Well, I got the water system working and have all the water I want. Now, I need a place to defecate. I have a toilet and gray water in the RV, but I needed a place to dump the waste from the RV and eventually our home. To keep the well water clean, I needed to build a septic system so that I don’t contaminate our water source. The septic tank needed to be at least 100’ away from the well to not contaminate it. I also wanted the septic tank to be downstream from the well. I didn’t want my shit to seep into the well, even from 100’.
I also wanted the septic tank to be below any structures that I built so that I wouldn’t need a pump to get the sewage to the septic tank and leach field. Amy made the drawing below and we ,submitted it with the application to Inyo County for the septic system. They approved it and it only cost $200.
Once we had the permit, the first thing to do was dig an 8′ deep hole that would make sure that we didn’t hit the water table. Some times of the year after big rains, the water table is about at ground level near the bottom of the property, but we were placing the septic tank at least 10′ uphill as shown in this survey.
We called Cricket and he scraped the road out of the sage brush before he could dig the hole. This video shows that and a little more. One downer about this video is that it shows how thick the smoke was. We couldn’t even see the mountains for many days in September.
Cricket hit some hard sandstone at 7′ and he thought the inspector Jerry Oser would pass it anyway since we weren’t burying anything that deep. I called Jerry and he came out the next day to inspect it. He looked at it and said dig away. Cricket got right to work digging the land up to put in the septic tank and the leach field. It was all sand, so it was easy digging with the backhoe. We didn’t run into any boulders and the only challenge was getting it flat. Cricket had a laser that helped us dig to true.
With the tank at hand, Cricket dug the pit for the septic tank. Here’s a time elapse video of him placing the tank in the hole.
With the tank in place, we had to dig out the leach field and place the pipes and infiltrators in the ground. An infiltrator is basically a plastic arch that is 54″ long. The infiltrators are arranged to form four thirty-foot-long chambers. The sewage flows into one end of the chamber and eventually flow down the length of the chamber. Based on our percolation test, they said we needed 120′ of infiltrators, so I bought four rows of 30′ of infiltrators. The drawing below shows how the sewage pours into each chamber on the left and flow 30′ to the right. I think that it will sink into the sand before flowing more than a few feet away. Thus, most of the leach field will not be used since it will sink into the sand after a few feet.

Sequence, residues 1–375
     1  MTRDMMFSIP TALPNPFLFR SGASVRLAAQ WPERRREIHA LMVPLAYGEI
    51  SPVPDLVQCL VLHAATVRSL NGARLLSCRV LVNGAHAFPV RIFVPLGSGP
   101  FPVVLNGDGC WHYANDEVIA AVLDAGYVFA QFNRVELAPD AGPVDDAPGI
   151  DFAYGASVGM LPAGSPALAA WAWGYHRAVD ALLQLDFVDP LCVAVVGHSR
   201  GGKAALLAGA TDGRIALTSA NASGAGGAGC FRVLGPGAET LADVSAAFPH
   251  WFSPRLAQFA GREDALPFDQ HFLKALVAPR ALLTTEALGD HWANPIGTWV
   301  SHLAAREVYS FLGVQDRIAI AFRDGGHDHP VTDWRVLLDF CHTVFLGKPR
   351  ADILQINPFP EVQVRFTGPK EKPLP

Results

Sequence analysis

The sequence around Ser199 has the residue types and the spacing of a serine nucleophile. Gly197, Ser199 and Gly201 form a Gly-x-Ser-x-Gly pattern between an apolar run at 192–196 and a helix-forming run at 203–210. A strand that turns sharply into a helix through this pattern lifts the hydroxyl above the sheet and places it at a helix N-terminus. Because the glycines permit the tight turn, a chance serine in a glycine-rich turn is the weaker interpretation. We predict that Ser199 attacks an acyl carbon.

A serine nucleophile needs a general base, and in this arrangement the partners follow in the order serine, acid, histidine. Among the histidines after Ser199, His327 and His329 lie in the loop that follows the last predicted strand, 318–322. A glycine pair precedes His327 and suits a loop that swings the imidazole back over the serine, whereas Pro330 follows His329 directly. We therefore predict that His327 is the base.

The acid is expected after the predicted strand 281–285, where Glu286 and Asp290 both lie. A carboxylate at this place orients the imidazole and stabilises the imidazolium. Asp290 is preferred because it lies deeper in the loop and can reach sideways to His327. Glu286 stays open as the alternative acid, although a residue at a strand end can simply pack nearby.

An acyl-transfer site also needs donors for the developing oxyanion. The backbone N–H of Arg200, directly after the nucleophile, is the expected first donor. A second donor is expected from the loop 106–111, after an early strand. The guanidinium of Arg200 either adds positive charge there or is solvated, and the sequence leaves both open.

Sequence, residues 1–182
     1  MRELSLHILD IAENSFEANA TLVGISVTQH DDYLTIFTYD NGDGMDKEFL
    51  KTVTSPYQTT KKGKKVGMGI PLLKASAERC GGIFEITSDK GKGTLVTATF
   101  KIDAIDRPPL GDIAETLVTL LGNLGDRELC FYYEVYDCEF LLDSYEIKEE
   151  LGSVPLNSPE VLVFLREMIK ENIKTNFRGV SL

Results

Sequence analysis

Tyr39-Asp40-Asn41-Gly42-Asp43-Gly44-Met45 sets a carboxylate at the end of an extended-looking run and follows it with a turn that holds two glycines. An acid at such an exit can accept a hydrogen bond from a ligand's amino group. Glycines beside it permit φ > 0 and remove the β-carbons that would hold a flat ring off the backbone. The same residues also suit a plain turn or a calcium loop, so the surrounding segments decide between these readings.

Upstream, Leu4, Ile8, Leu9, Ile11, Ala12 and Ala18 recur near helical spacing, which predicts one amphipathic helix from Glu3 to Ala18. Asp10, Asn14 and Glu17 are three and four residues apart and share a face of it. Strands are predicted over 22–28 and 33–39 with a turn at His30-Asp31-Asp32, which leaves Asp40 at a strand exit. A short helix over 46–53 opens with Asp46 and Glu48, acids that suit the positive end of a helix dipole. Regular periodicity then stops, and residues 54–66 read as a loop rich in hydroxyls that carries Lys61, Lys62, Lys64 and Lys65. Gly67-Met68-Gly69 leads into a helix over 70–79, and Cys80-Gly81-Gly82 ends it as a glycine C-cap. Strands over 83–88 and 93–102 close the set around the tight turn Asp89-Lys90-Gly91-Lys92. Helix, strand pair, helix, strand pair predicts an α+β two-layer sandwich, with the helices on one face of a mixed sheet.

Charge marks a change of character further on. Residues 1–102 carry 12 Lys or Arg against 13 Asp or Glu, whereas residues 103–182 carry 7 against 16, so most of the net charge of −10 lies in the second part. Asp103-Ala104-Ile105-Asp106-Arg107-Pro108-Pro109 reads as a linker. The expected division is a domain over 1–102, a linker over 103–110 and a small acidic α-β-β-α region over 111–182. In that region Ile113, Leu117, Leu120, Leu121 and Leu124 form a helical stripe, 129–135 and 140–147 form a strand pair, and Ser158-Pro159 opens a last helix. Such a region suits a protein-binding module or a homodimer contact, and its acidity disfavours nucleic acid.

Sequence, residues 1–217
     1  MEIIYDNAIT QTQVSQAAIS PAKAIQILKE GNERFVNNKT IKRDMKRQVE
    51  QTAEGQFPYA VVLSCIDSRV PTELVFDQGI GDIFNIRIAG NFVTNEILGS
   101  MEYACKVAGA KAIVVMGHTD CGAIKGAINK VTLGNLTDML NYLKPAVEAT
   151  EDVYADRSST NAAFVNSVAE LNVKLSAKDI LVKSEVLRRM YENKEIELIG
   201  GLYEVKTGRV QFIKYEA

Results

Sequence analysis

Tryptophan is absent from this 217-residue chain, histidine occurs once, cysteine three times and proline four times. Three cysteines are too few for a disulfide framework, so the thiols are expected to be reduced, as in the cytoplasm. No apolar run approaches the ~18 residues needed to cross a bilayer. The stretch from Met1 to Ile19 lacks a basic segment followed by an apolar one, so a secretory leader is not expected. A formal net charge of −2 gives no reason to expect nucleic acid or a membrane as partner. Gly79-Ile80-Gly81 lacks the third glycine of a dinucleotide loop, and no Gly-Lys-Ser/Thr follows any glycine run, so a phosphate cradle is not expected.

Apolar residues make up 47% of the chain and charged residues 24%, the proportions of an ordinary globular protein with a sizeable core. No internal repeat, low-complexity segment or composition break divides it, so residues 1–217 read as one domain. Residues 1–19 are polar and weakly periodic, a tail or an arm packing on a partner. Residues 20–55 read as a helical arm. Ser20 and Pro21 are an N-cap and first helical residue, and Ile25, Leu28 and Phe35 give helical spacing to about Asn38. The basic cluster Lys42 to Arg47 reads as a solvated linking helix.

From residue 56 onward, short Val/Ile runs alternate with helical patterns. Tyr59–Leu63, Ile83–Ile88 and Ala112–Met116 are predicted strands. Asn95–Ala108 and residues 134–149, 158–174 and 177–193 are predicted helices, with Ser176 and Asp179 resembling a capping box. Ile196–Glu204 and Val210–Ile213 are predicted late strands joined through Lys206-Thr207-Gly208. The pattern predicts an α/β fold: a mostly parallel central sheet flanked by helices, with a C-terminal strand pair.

Cricket stayed in the backhoe while I placed each 54″ infiltrator into the leach field. It was hot and dusty work, but I saved a lot of money doing it with Cricket. Cricket does a lot of work like this and knew what he was doing. I think it took us about 8 hours to run all the leach lines. It ended up looking like this at the end of the day after I hosed the dust off the lines.
We called Jerry and he came out and approved it with little inspection. Cricket backfilled the leach field with all the sand.
The cost of the septic system was something like this:
Septic tank – $1600
Infiltrators – $1,127
Septic tank lids – $94
Extension caps – $180
Junction Box – $89
PVC Pipe- $160
Miscellaneous and Delivery – $750
Labor – $1,000
Total – $5,000
It only took Cricket and I about 3 days to install the system and cover it up. It’s not bad for a modern-day shit hole.